The use of alternative polyadenylation sites is emerging as an important regulator of gene expression. In this issue of Cell Stem Cell, Boutet et al. (2012) report that alternative 3'UTRs of the Pax3 transcript restrict its expression to axial satellite cells through miR-mediated targeting of one of the isoforms. Copyright © 2012 Elsevier Inc. All rights reserved.

  18. Single-Cell Landscape of Transcriptional Heterogeneity and Cell Fate Decisions during Mouse Early Gastrulation

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    Hisham Mohammed

    2017-08-01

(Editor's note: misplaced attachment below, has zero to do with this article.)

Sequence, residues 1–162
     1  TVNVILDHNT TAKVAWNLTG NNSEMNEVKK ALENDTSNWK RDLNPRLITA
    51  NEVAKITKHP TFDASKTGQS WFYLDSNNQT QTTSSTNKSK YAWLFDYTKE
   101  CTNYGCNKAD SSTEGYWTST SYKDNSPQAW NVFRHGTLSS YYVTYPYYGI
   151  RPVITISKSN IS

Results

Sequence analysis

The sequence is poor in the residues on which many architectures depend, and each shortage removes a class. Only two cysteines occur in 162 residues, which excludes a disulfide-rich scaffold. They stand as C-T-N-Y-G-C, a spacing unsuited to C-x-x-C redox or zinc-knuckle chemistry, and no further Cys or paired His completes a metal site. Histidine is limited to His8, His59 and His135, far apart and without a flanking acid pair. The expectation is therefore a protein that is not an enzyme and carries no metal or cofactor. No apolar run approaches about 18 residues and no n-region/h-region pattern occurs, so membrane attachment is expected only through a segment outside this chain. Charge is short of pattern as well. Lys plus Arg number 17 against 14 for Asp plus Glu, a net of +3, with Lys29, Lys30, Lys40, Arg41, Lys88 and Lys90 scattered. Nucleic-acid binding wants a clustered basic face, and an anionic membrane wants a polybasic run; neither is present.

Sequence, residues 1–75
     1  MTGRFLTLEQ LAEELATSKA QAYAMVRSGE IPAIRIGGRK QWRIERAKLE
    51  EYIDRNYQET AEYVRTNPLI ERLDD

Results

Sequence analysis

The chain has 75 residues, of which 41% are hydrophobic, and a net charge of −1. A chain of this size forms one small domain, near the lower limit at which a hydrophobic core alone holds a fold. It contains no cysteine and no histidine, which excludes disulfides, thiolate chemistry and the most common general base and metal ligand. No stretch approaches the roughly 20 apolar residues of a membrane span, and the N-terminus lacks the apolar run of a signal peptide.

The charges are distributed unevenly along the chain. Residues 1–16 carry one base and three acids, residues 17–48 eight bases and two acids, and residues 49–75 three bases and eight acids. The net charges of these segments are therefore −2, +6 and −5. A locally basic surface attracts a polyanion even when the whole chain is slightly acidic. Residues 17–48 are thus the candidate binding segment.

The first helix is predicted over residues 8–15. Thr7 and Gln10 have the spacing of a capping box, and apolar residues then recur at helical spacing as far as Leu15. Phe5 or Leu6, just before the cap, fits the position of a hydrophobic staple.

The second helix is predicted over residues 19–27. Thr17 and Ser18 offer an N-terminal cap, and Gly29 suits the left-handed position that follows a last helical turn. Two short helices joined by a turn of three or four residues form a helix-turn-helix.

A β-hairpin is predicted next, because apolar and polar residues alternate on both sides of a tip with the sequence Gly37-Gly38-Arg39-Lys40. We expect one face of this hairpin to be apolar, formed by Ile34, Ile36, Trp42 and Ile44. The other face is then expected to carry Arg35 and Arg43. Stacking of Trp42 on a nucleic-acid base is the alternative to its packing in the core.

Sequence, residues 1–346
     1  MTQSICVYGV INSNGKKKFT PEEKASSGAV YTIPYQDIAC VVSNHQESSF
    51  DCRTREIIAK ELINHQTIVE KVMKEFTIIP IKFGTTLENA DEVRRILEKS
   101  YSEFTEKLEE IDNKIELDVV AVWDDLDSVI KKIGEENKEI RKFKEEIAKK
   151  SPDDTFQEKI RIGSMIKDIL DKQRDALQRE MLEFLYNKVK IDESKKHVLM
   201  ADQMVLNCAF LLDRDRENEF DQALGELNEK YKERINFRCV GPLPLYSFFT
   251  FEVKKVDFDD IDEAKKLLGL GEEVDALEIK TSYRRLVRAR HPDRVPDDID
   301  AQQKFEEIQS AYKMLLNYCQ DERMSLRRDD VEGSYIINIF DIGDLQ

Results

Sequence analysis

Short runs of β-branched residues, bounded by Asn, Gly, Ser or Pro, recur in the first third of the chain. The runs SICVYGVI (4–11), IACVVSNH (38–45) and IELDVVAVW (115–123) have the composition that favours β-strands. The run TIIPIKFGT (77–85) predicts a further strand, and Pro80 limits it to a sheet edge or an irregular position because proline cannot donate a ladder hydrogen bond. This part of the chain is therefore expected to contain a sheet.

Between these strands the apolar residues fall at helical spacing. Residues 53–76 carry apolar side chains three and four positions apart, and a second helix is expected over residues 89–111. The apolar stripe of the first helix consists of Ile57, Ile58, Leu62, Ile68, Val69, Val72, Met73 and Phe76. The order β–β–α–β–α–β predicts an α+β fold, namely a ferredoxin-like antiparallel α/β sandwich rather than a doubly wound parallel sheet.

Full Text Available The mouse inner cell mass (ICM segregates into the epiblast and primitive endoderm (PrE lineages coincident with implantation of the embryo. The epiblast subsequently undergoes considerable expansion of cell numbers prior to gastrulation. To investigate underlying regulatory principles, we performed systematic single-cell RNA sequencing (seq of conceptuses from E3.5 to E6.5. The epiblast shows reactivation and subsequent inactivation of the X chromosome, with Zfp57 expression associated with reactivation and inactivation together with other candidate regulators. At E6.5, the transition from epiblast to primitive streak is linked with decreased expression of polycomb subunits, suggesting a key regulatory role. Notably, our analyses suggest elevated transcriptional noise at E3.5 and within the non-committed epiblast at E6.5, coinciding with exit from pluripotency. By contrast, E6.5 primitive streak cells became highly synchronized and exhibit a shortened G1 cell-cycle phase, consistent with accelerated proliferation. Our study systematically charts transcriptional noise and uncovers molecular processes associated with early lineage decisions.